Oxford-GSK-Imanova Structural–anatomical Striatal Atlas
An anatomical atlas with the 3 striatal structural sub-regions: caudate (CD), putamen (PU) and ventral striatum (VST). The striatum was segmented on the MNI152 template according to the guidelines described below (Tziortzi et al. 2011).
VST: Several studies have shown that there is not a definitive anatomical, histological or histochemical distinction between Nucleus Accumbens (NAC), CD and PU. Therefore the dorsal boundary of VST was defined so as to include NAC, medial CD, rostral-ventral PU and also to be consistent with the functional anatomy of VST as defined in connectivity studies. The dorsal boundary is defined by connecting two points (Marker A and Point C) on the coronal plane (Figure 1A). These two points are predefined by the placement of two 3D markers (Markers A & B) on the sagittal plane (Figure 1B-C). Marker A: a horizontal line intersecting the most ventral part of the splenium of the corpus callosum (ccS) is placed on the most mid-sagittal slice. Sometimes there are two or three slices which can be described as the “most mid-sagittal slice” and in this case the operator is advised to select the one where thalamus is the smallest. In coronal view Marker A appears as a single voxel in each slice (Figure 1A, Marker A) and this voxel will be used for the definition of the dorsal boundary of VST. Marker B: Moving from lateral to medial on each hemisphere, a rectangle is placed on the first slice where the grey matter of the head of CD can be clearly seen. In a coronal view this will appear as a voxel width column (Figure 1A, Marker B). The inferior intersection of this column with grey matter of PU, within this column, is defined as the point C (Figure 1A). VST tracing begins when point C comes into view, up to the slice where anterior commissure connects the two hemispheres. However, there are occasions that the thin white matter layer which separates the VST area from subcallosal gyrus and/or septal nuclei can not be observed, making it infeasible to sample the VST up to the anterior commissure. Any white matter (e.g. internal capsule) should be excluded from the ROI.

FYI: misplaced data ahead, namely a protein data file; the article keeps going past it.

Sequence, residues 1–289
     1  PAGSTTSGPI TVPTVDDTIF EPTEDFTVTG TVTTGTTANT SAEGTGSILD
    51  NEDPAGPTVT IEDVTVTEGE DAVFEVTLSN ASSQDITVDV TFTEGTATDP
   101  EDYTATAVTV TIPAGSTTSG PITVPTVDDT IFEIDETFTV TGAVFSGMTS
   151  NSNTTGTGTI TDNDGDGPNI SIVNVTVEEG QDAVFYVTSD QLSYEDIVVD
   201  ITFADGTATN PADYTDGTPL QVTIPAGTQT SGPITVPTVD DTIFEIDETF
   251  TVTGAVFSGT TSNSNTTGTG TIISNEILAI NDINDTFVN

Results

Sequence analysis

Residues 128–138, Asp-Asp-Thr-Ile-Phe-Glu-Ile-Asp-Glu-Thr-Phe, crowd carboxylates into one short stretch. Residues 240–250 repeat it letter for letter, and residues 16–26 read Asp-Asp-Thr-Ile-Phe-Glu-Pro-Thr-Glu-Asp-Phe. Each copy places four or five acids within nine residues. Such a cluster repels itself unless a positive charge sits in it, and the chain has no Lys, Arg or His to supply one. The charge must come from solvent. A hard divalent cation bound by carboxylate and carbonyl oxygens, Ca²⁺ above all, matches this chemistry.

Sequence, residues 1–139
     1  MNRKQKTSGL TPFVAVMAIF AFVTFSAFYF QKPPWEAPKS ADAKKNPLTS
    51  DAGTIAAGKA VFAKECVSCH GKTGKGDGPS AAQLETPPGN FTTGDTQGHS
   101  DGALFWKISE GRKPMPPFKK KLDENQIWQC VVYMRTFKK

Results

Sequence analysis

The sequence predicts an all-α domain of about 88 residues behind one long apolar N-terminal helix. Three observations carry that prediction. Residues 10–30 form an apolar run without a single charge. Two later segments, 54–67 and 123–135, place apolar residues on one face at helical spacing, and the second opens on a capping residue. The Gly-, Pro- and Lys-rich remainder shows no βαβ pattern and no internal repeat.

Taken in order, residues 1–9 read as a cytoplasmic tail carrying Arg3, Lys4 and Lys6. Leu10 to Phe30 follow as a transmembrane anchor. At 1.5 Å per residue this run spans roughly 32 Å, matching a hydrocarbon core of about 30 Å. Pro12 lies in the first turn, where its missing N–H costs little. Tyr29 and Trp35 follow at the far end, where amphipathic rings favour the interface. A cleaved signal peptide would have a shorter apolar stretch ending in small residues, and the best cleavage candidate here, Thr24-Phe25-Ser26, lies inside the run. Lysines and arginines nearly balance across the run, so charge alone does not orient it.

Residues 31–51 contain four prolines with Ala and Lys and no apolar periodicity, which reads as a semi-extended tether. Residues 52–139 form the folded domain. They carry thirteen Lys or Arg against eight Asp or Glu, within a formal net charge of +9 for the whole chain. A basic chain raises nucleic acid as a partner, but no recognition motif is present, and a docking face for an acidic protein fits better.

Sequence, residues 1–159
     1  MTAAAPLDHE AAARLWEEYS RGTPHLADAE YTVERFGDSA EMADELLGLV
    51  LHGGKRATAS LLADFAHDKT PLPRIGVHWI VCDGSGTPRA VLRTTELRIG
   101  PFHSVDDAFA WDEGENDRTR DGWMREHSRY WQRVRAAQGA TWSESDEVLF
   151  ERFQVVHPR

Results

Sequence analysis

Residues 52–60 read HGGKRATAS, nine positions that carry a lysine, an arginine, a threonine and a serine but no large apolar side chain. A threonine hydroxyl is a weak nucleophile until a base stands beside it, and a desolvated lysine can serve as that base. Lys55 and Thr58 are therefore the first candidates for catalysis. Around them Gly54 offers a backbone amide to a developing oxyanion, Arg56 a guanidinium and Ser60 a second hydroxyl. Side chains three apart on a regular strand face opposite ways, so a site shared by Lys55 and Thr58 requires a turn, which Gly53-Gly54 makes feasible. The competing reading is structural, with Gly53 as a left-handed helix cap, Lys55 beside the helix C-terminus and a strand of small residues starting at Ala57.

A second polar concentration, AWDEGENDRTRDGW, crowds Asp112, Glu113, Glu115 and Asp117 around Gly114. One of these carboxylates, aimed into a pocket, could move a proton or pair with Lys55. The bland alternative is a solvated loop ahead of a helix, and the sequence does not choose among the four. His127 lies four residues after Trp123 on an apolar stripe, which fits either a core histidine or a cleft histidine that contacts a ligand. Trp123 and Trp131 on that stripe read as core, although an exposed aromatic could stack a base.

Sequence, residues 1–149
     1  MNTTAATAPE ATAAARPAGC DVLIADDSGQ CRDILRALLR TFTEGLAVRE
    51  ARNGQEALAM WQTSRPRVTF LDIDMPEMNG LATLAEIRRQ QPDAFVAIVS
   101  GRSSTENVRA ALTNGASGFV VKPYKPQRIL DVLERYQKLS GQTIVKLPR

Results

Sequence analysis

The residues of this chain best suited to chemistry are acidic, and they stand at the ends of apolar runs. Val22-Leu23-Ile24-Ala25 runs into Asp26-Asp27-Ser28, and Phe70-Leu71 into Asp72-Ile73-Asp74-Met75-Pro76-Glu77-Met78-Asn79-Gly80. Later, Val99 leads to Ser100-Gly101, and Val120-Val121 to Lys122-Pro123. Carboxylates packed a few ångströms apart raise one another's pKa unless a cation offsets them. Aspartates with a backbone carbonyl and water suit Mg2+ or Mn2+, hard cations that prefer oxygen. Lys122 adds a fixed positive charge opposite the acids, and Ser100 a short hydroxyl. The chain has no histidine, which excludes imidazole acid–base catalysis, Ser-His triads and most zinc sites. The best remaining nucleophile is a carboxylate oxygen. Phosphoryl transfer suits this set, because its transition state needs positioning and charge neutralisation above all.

CD: Caudate is drawn wherever visible on the coronal plane. The inferior border of caudate is defined by the ventral striatum and care should be taken not to include cerebrospinal fluid from the ventricles.
PU: Putamen is defined on the transverse plane and it is traced on all slices where dense grey matter can be clearly observed and differentiated from surrounding structures. On the most ventral slices where the anterior commissure (AC) divides PU into two regions the ROI includes only the grey matter that is anterior to AC.
Detailed information about the structural subdivision can be found in:
Tziortzi et al. Imaging dopamine receptors in humans with [11C]-(+)-PHNO: dissection of D3 signal and anatomy. NeuroImage 54: 264-77 (2011)